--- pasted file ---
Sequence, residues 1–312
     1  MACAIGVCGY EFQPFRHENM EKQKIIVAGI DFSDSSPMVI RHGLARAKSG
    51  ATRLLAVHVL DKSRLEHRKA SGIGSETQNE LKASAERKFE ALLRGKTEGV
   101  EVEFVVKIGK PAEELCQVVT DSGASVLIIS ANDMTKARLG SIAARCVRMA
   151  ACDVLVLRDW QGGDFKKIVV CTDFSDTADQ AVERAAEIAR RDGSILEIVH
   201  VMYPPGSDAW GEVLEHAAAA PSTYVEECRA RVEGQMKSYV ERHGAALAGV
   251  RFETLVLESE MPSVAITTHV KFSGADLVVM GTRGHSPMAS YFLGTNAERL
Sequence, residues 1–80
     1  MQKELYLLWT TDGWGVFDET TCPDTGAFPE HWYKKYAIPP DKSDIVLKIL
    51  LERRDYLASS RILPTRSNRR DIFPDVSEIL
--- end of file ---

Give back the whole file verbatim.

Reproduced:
Sequence, residues 1–312
     1  MACAIGVCGY EFQPFRHENM EKQKIIVAGI DFSDSSPMVI RHGLARAKSG
    51  ATRLLAVHVL DKSRLEHRKA SGIGSETQNE LKASAERKFE ALLRGKTEGV
   101  EVEFVVKIGK PAEELCQVVT DSGASVLIIS ANDMTKARLG SIAARCVRMA
   151  ACDVLVLRDW QGGDFKKIVV CTDFSDTADQ AVERAAEIAR RDGSILEIVH
   201  VMYPPGSDAW GEVLEHAAAA PSTYVEECRA RVEGQMKSYV ERHGAALAGV
   251  RFETLVLESE MPSVAITTHV KFSGADLVVM GTRGHSPMAS YFLGTNAERL
Sequence, residues 1–80
     1  MQKELYLLWT TDGWGVFDET TCPDTGAFPE HWYKKYAIPP DKSDIVLKIL
    51  LERRDYLASS RILPTRSNRR DIFPDVSEIL